How do professionals view the veracity of articles on Facebook and how high school students? Take a look at the results of our eye tracking study
There is so much misinformation on the web today that evaluating the veracity of news can sometimes be similar to evaluating stories in the “Beyond belief” series. Is it possible to make this process more efficient and automated in some way? How will monitoring the behavior of laymen and professionals help us evaluate the veracity of resources? These questions were also asked by our researchers Jakub Šimko, Matúš Tomlein, Róbert Móro and Mária Bieliková in the latest study “A study of fake news reading and annotating in social media context” published in the journal New Review of Hypermedia and Multimedia.
How did our eyetracking go?
The researchers did not make it easier for the participants to evaluate the articles. 44 laymen from the ranks of high school students and 7 professionals working in the field of journalism or fact checking, were made available 50 articles (mostly taken from existing media) in an application imitating the real Facebook. However, participants assessed the truth only on the basis of the content of the articles. No authors, resources, visual cues, or lots of likes and comments on posts. How participants responded to this challenge was monitored using eye tracking (an eye tracking method).
With lay researchers, they were particularly interested in how they tend to behave when “consuming” fake news on social media and how their interests and opinions affected it. They also observed how people who are evaluated as more successful behave and what they notice in the content of articles. If any patterns of behavior are found, this knowledge may be useful for the automatic detection of misinformation.
“Facebook” contained articles on 11 topics with some controversy: food quality, weight loss, Muslims in the EU, the pharmaceutical industry, LGBT rights, right-wing extremism, vaccinations, UFOs, global warming, deforestation and migrants. True and false articles were represented in each topic, as well as articles with opposing views on the issue.
What did the views of high school students show us?
So what distinguished successful students from those who failed in the first part of the experiment? For example, the successful ones took more time to evaluate content (although they verified fewer articles, but did better). On the contrary, if lay participants spent more time reading headlines and information directly only on “Facebook” (they relied mainly on this source of information), they had worse results. It was also interesting that although the strength of interest corresponded to the strength of the participants’ opinion on most topics, this was not the case of some topics (such as same-sex marriages). We cannot interpret this result with certainty, but it could point to the influence of students’ opinion by external factors.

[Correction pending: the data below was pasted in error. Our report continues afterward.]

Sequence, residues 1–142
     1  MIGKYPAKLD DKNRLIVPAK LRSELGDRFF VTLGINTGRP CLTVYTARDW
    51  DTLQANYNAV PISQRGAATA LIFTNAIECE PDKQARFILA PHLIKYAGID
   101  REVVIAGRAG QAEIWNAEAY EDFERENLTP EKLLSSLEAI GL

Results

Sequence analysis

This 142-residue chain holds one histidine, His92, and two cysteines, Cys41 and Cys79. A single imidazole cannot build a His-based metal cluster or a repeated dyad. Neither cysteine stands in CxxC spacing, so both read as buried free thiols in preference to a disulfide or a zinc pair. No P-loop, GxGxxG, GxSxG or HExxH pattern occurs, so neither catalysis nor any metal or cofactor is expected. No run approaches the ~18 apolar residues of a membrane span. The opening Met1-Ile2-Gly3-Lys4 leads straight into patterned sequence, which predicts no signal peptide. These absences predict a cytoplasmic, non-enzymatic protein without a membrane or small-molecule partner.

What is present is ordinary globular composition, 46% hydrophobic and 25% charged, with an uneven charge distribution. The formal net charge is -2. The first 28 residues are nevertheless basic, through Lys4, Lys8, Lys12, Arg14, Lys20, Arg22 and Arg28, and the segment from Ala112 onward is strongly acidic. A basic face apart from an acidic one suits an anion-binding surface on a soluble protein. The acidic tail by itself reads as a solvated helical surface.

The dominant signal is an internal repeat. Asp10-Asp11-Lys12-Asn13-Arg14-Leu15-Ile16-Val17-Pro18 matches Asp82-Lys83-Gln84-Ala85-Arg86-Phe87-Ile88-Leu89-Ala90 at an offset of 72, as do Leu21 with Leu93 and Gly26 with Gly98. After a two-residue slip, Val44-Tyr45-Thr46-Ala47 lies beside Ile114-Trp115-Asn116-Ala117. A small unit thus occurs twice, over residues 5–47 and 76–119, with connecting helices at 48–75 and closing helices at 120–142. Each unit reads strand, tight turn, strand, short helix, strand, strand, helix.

How successful were the professionals in the experiment?
The second part of the experiment looked at how experts would act in evaluating the veracity of articles purely on the basis of content. Although it was found that they had done better than high school students, even professionals could not properly evaluate up to 30% of articles in this way. A more significant improvement could be observed only with true articles (79% success rate vs. 58%). For fake articles, experts lacked metadata the most and other information to validate the article, which they use in their work. It is mainly about the possibility to verify the reputation of the author or publisher, anonymity is a strong sign of untrustworthy content for them. They would also need to verify factual data on the web – they usually verify dates, statistics, but also pictures.
In the experiment, participants could only rely on the use of a specific content language, such as stickers, certain keywords, author’s judgements and opinions, lack of factual information or arousing fear (or they could rely on their own judgment). When evaluating fake news, they said they lacked visual characteristics such as the number of ads, bold colors, large and bold fonts, or the length and paging of the content.
Experts considered the most difficult articles to recognize
- Combination of different sources and their subsequent misinterpretation
- Mixing true content with a small amount of fakery
- Articles without a clear opinion, which leave it to the reader to form their own opinion
- Media that cannot be verified by the publisher or portal owner
What can the results of research teach us?
Although the veracity of some articles can be judged on the basis of the characteristics of the content, even experts cannot do so with certainty. Artificial intelligence can assist them, for example, by analyzing sentiment or searching for keywords. However, article sources and metadata, such as authors or publishers, are very important for expert news evaluation. Visual features are also important, but as other credibility researches have shown, the design of the site is precisely the characteristic that professionals and laymen notice when assessing credibility.
Research into the news evaluation by lay people only confirmed the importance of a deeper analysis of the content (the more successful participants were those who spent more time evaluating the content). However, this does not apply to the analysis of article titles in the Facebook application itself. If the students relied only on it, they evaluated the truth less successfully.